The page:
Relax Those Quads

Keep Your Quadriceps Happy

Hiking, biking, running, walking, swimming—summer is the time to get out and enjoy the world around us. As fun as it is to move, it’s easy to push it too far from time to time. Often its the quadriceps, the four long muscles that make up the front thigh compartment, that end up tight and/or achy.

I’m happy to say that yoga has a solution: Anjaneyasana. Named for a mythological half god/half monkey, the pose expresses Anjaneya’s giant leaps in the attempt to capture the sun.

Anjaneyasana combines grounding and expansion. Its skyward reach comes from its earthbound stability. It lengthens the quadriceps and psoas muscles, extends the low back and expands the chest and abdomen. It energizes as it stabilizes balance.

anjaneyasanaHow to Leap

I like to approach Anjaneyasana from Adho Mukha Svanasana (Downward Facing Dog pose). Begin on your hands and knees on a nonskid mat. Press your hands into the floor and lift your torso upward until your arms and legs are straight, your body forming an inverted “V” shape, with your sit bones at the apex. Take a few full breaths here.

Bend your knees, letting your weight settle into your feet, as if you’re preparing to jump forward. Spring your right leg forward so that it lands between your hands. If your leg is not feeling especially springy, you may take however many steps you need in order to place your foot even with your hands. Allow your left knee to come to the floor. Make sure your right foot is evenly planted on the floor—heel to toe and inside to outside—and your heel is directly below your knee. Press the right foot and left knee into the floor, then stretch the right knee forward and the left knee back so that the distance between them lengthens. If your left knee feels as if it’s grinding into the floor, you may place a blanket under it for padding.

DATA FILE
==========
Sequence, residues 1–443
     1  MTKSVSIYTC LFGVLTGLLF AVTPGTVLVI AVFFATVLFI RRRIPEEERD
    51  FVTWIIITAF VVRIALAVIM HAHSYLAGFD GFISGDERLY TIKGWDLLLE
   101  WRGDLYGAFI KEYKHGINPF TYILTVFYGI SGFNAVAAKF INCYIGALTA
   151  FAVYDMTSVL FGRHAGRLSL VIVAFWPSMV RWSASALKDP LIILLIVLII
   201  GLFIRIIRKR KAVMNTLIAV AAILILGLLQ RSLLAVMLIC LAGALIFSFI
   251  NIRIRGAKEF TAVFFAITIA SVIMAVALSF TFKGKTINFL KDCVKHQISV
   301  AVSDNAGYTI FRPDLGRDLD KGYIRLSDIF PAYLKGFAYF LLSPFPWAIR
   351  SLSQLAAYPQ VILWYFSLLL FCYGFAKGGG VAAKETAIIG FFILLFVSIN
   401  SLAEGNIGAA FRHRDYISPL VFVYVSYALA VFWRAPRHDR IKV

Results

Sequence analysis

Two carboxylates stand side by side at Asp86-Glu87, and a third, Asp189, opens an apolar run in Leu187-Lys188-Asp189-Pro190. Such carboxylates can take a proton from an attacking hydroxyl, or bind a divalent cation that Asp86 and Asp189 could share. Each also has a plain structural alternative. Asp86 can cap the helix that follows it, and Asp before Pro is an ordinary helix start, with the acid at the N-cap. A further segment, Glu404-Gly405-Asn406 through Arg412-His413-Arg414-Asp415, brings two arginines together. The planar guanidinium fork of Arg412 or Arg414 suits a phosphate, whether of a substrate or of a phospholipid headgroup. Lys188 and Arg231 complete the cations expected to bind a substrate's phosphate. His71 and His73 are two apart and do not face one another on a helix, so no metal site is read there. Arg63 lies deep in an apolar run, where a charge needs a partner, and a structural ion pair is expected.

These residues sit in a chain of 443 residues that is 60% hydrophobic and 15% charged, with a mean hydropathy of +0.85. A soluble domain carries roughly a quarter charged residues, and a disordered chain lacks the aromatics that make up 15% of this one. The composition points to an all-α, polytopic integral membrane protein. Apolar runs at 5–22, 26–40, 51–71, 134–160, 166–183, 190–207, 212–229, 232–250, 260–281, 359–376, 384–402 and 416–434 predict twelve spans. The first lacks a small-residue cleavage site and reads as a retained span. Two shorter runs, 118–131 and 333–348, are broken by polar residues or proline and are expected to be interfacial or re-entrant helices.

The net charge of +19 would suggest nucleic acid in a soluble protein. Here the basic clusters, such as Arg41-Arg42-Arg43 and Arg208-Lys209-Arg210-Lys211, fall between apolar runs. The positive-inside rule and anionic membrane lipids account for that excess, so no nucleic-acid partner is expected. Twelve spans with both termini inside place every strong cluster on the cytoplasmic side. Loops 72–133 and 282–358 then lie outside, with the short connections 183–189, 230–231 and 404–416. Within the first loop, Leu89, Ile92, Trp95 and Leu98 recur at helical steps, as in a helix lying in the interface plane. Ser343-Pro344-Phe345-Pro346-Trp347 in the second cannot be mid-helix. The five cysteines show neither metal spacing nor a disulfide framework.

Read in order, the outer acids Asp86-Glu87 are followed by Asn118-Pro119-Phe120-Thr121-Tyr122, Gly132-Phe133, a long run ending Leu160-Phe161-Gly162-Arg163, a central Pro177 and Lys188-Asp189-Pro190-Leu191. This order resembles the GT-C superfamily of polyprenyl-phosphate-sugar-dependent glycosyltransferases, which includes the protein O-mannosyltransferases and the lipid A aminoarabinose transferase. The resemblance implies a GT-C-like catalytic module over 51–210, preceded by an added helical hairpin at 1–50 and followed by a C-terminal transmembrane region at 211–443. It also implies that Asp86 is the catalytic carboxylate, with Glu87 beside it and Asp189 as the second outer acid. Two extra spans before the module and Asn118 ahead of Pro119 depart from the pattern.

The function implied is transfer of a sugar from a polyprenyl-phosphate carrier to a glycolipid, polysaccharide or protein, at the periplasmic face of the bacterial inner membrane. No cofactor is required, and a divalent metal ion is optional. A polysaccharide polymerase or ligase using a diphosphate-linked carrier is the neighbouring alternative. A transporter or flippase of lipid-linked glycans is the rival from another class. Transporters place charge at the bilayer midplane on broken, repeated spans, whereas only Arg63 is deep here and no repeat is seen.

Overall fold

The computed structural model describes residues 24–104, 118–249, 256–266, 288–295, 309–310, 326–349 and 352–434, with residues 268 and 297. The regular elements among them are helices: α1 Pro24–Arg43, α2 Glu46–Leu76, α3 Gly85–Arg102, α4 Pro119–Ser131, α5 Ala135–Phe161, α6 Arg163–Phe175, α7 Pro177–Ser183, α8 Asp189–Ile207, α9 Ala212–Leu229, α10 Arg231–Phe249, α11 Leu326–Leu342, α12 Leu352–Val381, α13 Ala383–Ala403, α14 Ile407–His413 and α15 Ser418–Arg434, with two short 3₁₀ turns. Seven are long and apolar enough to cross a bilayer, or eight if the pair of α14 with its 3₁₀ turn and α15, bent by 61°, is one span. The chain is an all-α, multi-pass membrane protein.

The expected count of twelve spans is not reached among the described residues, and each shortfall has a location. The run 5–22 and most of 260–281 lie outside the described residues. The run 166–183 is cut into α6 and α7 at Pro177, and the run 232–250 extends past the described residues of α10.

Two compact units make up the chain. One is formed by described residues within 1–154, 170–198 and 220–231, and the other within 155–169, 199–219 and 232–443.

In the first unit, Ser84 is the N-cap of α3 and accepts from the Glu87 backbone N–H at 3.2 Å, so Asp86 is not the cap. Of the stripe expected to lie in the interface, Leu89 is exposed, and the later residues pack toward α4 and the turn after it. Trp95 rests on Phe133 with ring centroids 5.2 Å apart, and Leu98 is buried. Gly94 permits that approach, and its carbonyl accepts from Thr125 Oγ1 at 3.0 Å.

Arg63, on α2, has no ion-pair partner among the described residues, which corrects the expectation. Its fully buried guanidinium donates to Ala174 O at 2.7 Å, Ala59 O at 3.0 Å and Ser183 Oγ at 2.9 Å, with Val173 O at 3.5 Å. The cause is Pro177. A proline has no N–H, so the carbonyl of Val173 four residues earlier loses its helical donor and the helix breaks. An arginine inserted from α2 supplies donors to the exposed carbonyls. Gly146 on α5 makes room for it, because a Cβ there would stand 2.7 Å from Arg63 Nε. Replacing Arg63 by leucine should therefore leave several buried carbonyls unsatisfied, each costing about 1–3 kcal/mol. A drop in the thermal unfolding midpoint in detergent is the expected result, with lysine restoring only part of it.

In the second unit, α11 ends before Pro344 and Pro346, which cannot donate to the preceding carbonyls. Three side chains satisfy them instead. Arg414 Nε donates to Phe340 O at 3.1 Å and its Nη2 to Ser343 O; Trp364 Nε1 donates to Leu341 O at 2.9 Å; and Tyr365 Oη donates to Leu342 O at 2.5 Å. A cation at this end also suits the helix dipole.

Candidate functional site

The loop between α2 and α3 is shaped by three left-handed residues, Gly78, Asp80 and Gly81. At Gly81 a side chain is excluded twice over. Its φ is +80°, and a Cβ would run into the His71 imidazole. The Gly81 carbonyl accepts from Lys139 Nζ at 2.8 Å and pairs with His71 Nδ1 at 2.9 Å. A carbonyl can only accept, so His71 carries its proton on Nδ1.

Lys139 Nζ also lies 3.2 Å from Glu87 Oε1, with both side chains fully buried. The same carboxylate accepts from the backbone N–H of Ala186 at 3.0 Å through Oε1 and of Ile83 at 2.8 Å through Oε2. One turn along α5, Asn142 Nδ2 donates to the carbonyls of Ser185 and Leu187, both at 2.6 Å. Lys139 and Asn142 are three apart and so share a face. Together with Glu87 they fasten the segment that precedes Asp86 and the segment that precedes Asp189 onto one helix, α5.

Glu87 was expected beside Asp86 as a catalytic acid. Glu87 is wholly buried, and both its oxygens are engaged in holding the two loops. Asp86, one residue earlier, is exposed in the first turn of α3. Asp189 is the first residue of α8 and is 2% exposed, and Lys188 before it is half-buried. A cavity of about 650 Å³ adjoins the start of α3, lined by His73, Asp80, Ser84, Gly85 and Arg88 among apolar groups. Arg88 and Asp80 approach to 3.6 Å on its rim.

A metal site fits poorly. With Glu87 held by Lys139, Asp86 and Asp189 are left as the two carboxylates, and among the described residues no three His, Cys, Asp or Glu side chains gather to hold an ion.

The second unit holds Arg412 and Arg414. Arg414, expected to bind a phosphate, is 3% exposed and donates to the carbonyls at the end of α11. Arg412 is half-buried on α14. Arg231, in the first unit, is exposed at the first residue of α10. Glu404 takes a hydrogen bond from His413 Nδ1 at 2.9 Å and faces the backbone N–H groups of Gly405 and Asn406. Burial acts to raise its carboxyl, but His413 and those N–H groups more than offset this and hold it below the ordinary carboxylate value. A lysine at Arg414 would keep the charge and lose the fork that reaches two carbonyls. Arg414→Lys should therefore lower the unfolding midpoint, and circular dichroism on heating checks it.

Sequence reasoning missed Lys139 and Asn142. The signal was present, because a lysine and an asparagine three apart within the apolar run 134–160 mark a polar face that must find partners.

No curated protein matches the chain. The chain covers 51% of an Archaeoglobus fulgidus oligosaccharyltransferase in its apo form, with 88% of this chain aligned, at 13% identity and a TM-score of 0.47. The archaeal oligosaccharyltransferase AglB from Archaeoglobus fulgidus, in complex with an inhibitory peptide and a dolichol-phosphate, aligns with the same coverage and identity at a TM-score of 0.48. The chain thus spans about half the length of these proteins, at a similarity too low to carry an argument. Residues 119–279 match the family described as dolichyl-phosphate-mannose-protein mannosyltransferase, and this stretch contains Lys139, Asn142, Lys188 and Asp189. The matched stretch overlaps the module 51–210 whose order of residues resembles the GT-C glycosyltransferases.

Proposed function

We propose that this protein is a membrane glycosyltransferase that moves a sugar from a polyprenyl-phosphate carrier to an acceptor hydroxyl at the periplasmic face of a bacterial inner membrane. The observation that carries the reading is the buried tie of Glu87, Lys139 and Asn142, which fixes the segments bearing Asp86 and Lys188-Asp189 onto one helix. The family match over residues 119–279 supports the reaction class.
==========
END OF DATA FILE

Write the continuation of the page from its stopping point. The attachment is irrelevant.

Take care not to allow your left hip joint to collapse toward the floor. This can irritate the hip flexor tendons and ligaments. Instead, draw the very top of your thigh slightly back toward your back thighs—millimeters—to stabilize your hip joint.

With your hands on the floor, take a few deep breaths, imagining the breath moving all the way down into the left thigh muscles. Again grounding the right foot and left knee, lift the torso to upright, and place your hands on your right thigh. Take a few deep breaths. If you like, you can now extend your arms up vertically, and if your back is willing, tilt your torso back slightly so that your chest is looking skyward. Ground your legs as you reach upward. Take a few full breaths before returning your hands to the floor, returning to Dog Pose and repeating on your other side.

It is helpful to remember that the power to spring skyward originates in a downward, rooting motion through your legs and feet. (Try jumping with straight legs, without first bending your knees and letting your weight sink into the ground.) Grounding the legs also balances the heating and cooling qualities of the pose, protecting us from agitation and overheating as we reach for the sun.

In Anjaneyasana, the grounding of the front foot and back knee stabilizes our balance, and allows for the full flowering of the upper body. It allows us mortal yoga practitioners to soak up the sun’s luminous glow from the sustaining foundation of our own Mother Earth.

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